Our dinner yesterday was ‘Nucchinunde(steamed lentil dumplings you may say). It takes quite some effort to make this dish, and it’s accompaniment – the Majjige HuLi (butter milk sambar, literallyπŸ˜‰ ), especially after getting back from work. What makes me venture into this is basically my love for cooking (it’s therapeutic) and the joy that I see on Su’s face whenever he sees them on the table. Yesterday, Amma during her routine of asking me what we were having for dinner, expressed how she was feeling like eating Nucchinunde too. I made up by mind then and there that I would be making some more and carrying them for her today. Today, after a very very long time, seemed to be a day when I did not have any designated work, and the adhoc tasks wouldn’t be visiting too. I was wrong; a meeting came up, and the timings got changed so many times, that taking them for Amma looked like a difficult proposition. But I went ahead and gave them to her, on my way to the meeting. It’s mostly Amma and Daddy cooking delicacies we like and coming over to delight us almost every alternate day. This was my chance, and I did not want to miss it. Amma was so happy, just like Su was the previous day. And that gleam of happiness is what makes us do these again and again.

This post is not about what I did (it’s nothing actually), but more about that unconditional love which makes us go to any extent to keep our parents, spouse, children (and to an extent siblings too!) happy. There is no expectation about the returns at all, which makes it so easy for us to dote on them. This feeling of ‘unconditional love’ is my yardstick for measuring my personal growth in life. Of late, I have realized that it’s easier to excercise the same with outsiders (beneficiaries for me, usually), because we end up serving them without expecting anything in return. It however changes with the family and friends outside that inner circle, may be because we still are expecting something internally. The instant action might still be to see the happiness on their faces, but is sometimes followed by ‘Oh I did so much for him/her; what did they do to me?’Β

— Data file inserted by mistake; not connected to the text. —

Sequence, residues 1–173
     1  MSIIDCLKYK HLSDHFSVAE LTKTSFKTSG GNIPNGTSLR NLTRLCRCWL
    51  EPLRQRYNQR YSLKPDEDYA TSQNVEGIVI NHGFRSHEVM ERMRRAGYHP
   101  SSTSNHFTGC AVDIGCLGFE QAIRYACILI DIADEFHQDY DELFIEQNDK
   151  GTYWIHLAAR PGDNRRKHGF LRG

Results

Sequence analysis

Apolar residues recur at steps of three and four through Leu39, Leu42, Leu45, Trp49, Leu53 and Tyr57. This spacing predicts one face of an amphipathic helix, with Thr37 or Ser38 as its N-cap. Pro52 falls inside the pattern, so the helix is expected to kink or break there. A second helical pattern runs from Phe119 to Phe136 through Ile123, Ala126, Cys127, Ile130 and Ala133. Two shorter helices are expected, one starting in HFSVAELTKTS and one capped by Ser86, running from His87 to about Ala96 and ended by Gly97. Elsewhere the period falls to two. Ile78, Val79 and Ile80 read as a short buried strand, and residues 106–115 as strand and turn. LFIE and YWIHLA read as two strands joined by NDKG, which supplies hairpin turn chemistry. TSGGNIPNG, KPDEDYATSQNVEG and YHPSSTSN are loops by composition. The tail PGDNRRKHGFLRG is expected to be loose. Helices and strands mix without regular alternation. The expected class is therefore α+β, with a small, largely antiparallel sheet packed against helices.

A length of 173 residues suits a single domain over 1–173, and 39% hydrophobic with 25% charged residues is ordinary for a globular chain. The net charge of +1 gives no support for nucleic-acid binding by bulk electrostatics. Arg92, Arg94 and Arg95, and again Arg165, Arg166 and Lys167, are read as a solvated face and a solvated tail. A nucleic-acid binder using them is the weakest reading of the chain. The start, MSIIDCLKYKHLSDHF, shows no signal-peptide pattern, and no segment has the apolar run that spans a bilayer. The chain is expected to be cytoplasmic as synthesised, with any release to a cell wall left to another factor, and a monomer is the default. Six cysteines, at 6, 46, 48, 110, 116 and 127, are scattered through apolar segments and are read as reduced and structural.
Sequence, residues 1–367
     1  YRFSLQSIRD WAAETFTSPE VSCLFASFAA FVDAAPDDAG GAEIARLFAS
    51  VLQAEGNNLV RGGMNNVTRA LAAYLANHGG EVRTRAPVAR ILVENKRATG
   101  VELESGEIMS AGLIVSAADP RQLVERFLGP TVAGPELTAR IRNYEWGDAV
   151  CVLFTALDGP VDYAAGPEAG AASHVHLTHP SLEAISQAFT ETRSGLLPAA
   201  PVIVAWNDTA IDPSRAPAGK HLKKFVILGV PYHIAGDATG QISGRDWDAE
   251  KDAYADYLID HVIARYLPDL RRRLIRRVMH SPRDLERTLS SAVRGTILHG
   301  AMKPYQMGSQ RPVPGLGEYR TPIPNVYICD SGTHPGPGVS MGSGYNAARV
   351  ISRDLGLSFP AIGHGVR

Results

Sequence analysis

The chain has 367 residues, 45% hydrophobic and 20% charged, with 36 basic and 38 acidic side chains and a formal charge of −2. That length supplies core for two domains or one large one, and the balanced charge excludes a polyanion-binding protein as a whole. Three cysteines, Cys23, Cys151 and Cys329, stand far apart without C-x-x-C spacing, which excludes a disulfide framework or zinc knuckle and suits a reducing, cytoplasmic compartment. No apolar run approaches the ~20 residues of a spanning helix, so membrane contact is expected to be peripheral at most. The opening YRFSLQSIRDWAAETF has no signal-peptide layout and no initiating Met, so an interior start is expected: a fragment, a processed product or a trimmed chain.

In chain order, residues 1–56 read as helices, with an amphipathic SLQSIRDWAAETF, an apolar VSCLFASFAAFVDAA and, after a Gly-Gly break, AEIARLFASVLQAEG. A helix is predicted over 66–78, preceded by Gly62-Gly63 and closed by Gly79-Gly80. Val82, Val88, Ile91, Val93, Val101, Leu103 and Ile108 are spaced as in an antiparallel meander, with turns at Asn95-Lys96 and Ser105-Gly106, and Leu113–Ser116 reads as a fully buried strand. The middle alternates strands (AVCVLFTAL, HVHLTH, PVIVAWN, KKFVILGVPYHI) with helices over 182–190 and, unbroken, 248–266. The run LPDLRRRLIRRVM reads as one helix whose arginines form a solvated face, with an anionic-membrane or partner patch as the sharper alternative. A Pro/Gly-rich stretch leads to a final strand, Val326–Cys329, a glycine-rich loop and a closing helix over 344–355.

I do believe that everybody has this yardstick against which they measure their life’s journey towards what you could probably call the pinnacle of human glory. Mine is ‘Unconditional Love‘ and I so hope to be able to dissipate the same without any barriers. This is what I tell myself when the darker side of me takes over: ‘Unconditional love, Swaram, unconditional love’, and it actually makes me feel better almost immediately. Because, afterall, we are being selfish in being selfless too. It makes us happy, and keeps us at peace.

I know that’s too much of philosophy for a weekend, but this has made me feel so relaxed in many situations which would probably have seen my other face.πŸ˜‰ Tell me what your yardstick is, if you have really come down till here.πŸ˜‰

On that note, happy weekend everyone.πŸ™‚